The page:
Terra Goodnight · February 17, 2015
Today, Ohio lawmakers joined with advocates for women’s healthcare to hold a press conference calling for a reversal of policies proposed in the Kasich budget that they say could worsen Ohio’s infant mortality epidemic.
Ohio has one of the highest rates of infant mortality — the number of babies who do not reach their first birthday — in the country, 30% above the national average. The Governor’s proposed budget highlights efforts aimed at addressing the problem, including $13.4 million to connect women in high risk neighborhood with prenatal care. But the budget also contains a number of measures that legislators and advocates say will make the problem worse.
As we covered in our initial budget analysis, coverage in the state’s Medicaid program will no longer be available to as many women as it is now. Today, the program covers pregnant women and those diagnosed with breast and cervical cancer if their income does not exceed 200 percent of the federal poverty level, or $23,340. Other women can sign up for family planning services and supplies through Medicaid if they meet the same income requirement.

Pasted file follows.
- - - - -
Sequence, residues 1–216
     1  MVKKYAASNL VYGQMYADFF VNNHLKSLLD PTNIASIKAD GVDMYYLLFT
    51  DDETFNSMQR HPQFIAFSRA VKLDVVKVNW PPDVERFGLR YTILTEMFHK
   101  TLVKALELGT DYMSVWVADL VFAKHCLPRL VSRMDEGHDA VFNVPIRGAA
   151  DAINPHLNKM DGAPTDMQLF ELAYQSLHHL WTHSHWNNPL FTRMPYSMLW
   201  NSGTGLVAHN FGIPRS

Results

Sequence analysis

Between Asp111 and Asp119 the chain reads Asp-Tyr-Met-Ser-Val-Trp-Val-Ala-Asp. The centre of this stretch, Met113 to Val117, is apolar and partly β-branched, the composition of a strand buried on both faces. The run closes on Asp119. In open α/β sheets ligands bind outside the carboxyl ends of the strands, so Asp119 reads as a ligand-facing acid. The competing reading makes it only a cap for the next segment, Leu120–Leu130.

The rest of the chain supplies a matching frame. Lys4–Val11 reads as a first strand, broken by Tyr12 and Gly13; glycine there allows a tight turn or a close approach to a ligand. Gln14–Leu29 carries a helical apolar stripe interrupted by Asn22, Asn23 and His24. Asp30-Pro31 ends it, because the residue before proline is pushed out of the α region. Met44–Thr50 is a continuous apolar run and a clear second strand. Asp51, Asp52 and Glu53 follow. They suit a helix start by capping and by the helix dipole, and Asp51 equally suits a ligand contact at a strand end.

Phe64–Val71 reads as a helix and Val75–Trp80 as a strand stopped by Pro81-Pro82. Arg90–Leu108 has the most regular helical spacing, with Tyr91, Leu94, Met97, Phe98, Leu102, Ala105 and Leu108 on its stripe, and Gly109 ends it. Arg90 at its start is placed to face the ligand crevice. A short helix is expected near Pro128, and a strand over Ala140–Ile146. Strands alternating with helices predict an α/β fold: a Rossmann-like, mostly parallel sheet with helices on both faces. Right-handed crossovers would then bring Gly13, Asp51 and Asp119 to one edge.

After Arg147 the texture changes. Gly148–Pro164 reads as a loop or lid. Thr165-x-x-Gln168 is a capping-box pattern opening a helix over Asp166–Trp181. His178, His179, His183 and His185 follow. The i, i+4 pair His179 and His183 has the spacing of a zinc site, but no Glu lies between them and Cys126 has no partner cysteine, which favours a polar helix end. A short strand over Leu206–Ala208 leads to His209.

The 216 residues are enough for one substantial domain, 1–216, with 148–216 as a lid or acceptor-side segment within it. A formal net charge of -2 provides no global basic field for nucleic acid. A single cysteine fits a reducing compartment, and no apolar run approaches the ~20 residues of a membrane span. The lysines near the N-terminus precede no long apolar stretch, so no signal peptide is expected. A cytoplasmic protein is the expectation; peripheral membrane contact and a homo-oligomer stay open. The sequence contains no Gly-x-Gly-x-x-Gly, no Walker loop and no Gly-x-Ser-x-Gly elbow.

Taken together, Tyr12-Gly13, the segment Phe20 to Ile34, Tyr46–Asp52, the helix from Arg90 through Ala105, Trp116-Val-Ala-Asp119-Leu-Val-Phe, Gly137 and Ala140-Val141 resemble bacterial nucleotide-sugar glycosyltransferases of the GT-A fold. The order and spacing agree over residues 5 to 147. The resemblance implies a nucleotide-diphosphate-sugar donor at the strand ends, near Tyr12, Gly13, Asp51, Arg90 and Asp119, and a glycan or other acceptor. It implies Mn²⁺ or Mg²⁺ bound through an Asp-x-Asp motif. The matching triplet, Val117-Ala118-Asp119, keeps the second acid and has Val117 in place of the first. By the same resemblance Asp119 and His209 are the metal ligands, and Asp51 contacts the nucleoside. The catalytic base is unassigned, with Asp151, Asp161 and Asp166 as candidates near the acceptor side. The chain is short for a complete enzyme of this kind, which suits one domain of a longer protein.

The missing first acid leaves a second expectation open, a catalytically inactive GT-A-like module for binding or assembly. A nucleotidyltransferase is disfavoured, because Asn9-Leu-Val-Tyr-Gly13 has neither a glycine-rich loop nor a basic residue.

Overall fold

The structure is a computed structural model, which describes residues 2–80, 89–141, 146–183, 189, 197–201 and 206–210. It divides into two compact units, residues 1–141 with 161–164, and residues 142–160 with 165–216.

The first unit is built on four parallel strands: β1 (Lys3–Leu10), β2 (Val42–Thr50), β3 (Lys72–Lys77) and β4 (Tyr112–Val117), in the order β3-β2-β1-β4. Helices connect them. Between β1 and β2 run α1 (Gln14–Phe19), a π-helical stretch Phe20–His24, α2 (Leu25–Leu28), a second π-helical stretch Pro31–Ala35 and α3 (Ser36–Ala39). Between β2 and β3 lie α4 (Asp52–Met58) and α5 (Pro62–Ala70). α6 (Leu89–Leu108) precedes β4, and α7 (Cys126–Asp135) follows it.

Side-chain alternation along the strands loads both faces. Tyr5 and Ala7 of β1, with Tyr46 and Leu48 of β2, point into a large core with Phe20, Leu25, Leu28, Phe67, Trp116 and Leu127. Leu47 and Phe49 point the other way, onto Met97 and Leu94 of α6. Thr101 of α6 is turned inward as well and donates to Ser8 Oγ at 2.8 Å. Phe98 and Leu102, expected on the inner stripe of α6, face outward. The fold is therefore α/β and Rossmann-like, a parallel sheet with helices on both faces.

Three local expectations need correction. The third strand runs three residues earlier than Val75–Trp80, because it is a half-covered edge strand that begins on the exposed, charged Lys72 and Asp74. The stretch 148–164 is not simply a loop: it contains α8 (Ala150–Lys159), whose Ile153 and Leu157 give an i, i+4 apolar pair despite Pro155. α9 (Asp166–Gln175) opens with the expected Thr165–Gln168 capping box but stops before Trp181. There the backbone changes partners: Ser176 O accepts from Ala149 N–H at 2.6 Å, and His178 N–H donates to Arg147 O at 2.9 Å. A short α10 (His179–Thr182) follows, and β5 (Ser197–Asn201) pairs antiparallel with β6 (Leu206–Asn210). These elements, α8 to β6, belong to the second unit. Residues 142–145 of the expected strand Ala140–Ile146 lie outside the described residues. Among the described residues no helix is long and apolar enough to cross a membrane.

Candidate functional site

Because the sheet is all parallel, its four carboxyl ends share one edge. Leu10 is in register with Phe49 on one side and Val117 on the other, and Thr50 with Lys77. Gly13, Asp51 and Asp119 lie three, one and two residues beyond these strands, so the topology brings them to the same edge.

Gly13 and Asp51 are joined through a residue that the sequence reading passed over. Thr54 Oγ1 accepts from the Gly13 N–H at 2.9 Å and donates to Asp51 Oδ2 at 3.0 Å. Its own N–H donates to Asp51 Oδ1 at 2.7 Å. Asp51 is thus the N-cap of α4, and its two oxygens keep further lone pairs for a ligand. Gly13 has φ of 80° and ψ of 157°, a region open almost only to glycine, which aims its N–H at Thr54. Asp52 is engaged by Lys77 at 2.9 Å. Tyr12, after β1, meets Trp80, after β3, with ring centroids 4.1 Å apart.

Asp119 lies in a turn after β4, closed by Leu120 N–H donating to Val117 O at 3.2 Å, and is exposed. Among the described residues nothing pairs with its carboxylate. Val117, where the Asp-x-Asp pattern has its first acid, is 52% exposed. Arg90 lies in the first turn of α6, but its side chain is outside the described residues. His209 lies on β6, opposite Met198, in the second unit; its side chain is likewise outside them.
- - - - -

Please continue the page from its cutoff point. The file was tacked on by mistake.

The Kasich budget would ask women making more than $16,105 (which includes everyone working full-time at minimum wage) to purchase private healthcare on the open market at a higher cost, increasing the chances that they will go without vital coverage. Unintended pregnancies and a lack of prenatal care are both associated with higher rates of infant mortality, suggesting the policy could undermine efforts to bring Ohio rates down.
State Representative Emilia Sykes warns that if a woman does not purchase private coverage and becomes pregnant outside the open enrollment period (roughly from mid-November to mid-February), she will not only be unable to buy coverage but will also be locked out of Medicaid — a serious coverage gap for women and their children.
State Health Transformation Director Moody said in hearings last week that he was open to working with legislators to address this coverage gap. One way to do this would be to restore coverage for pregnant women, breast and cervical cancer and family planning services at current income levels.
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